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Signed Thimbleweed Park collector's edition box for $500.00

I can’t answer that properly, but on GOG you are able to download a stand-alone version without the need of a (Steam-)client. The DVD contains a stand-alone version, so GOG makes more sense to me. (So you don’t have to install the Steam client.)

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Oh right, I didn’t think about that. (the old me who didn’t like Steam would have immediately understood why they chose GOG)

I’ve found somebody on eBay who pre-sells the Art Book for $84.

I can’t understand what’s the advantage of purchasing the Art Book from this person instead of purchasing it directly from Fangamer at about half the price.

Thanks, great idea! :slight_smile:

How did you measure that?

I didn’t measure it, I was referring to this information:

You can use the GOG client (GOG Galaxy). It works very similar to Steam (with auto-update, chat etc.), but contrary to Steam no one forces you to install such service.
The GOG Galaxy update mechanism is in such regards superior to Steam that it allows you to turn off auto-updates and allows to rollback to previous versions.

In case you don’t want to use GOG Galaxy you can download installers from their web site.
Those installers have to be manually created by GOG staff.

Yes, I understand, and that’s why I said that Steam has a slightly quicker update system: by design Steam doesn’t let users to choose to be updated in a slower way.

That’s like complaining to GOG about not getting an update yesterday because I choose to not turn on my computer until today…

As a game developer, I prefer Steam. GOG can’t handle Linux without human intervention. Steam’s patch diffing seems to be much better, so it’s quicker to get data up and down.

Also, as a game developer, I want people to be playing the latest version, not some build three versions ago. People like that are a support nightmare. We get countless support questions from GOG users who don’t use GOG Galaxy and we’re continually having to tell them to go get the latest version.

But all that said, GOG and Steam both good system with good dev backends. I’d like to be on, but they are a nightmare, as they make you create all your own installers, and I just don’t have the time for that.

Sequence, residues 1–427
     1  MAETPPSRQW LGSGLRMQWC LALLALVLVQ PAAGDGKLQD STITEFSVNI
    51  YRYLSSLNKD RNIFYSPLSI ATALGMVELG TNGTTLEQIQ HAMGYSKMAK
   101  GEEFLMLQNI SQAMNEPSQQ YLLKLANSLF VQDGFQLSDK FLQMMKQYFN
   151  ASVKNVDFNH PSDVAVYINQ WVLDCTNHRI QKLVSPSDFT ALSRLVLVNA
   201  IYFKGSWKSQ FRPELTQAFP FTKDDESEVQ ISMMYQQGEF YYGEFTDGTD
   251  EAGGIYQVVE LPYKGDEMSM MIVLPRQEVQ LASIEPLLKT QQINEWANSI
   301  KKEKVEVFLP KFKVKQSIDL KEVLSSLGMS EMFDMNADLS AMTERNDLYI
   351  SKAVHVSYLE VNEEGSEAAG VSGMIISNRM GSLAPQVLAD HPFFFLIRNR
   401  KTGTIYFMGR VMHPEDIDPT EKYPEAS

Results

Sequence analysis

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Responsible GOG users should really check if it’s the latest version before sending any support requests :frowning:
But this also sounds like GOG is getting more popular, yay :+1:

True, GOG Galaxy still isn’t supported on Linux (Windows and MacOS only).
But Linux users are used to that anyway. They are glad they will get a game at all. :slight_smile:

Are there services/people/friends to which you could outsource the building of these installers?

He just needs to buy his game on GOG, download the installers and strip the EULA and ads from it :slight_smile:

Would that be legal?

This wasn’t a serious suggestion. Beside legal issues you would also have to fix a lot of other stuff (all occurrences of “GOG”, paths etc.).

It might be possible to automate the process, investing time to build a converter and launching it for every new build. Technical limits worry me less then legal ones.

I don’t have time. When all the porting is done, I’ll build them and get it on

Why? For me it seems that the sales on are (very) low?

Hehe. :slight_smile: Ask the developers of AFAIR Superhot and Firewatch. :slight_smile: They introduced some bugs in a new version of their Linux port. In these cases you are glad as a developer that the players are able to get back to an old (working) version. :slight_smile:

It would be far more better, if DRM free games are getting more popular. :slight_smile:

Yup. :slight_smile: I’m one of these guys. :wink:

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I definitely prefer GOG as a customer. I hate having to open Steam itself just to launch games from it. The way I see it, if I buy a game I shouldn’t have to open a program that’s not required to launch it. But I can understand why Steam is preferred by devs.


Being on more platforms is always better unless it’s a hassle to support or get there. in particular is a very nice platform allowing you to put all kind of (DRM-free) stuff on it, even the smallest game, also free games or prices with open end (e.g >= $5) (or ebooks).
This platform allows you to select the amount of money which goes to them (vs. fixed rate of similar platforms, like 30% on Steam/GOG).

Somehow a lot of people just don’t care, I don’t know.

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